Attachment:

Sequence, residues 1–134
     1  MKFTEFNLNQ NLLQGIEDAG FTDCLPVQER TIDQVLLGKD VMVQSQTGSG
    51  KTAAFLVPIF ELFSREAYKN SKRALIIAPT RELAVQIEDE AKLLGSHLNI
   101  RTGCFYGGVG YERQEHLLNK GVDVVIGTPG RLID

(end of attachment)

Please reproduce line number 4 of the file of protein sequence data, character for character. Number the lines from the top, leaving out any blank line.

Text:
   101  RTGCFYGGVG YERQEHLLNK GVDVVIGTPG RLID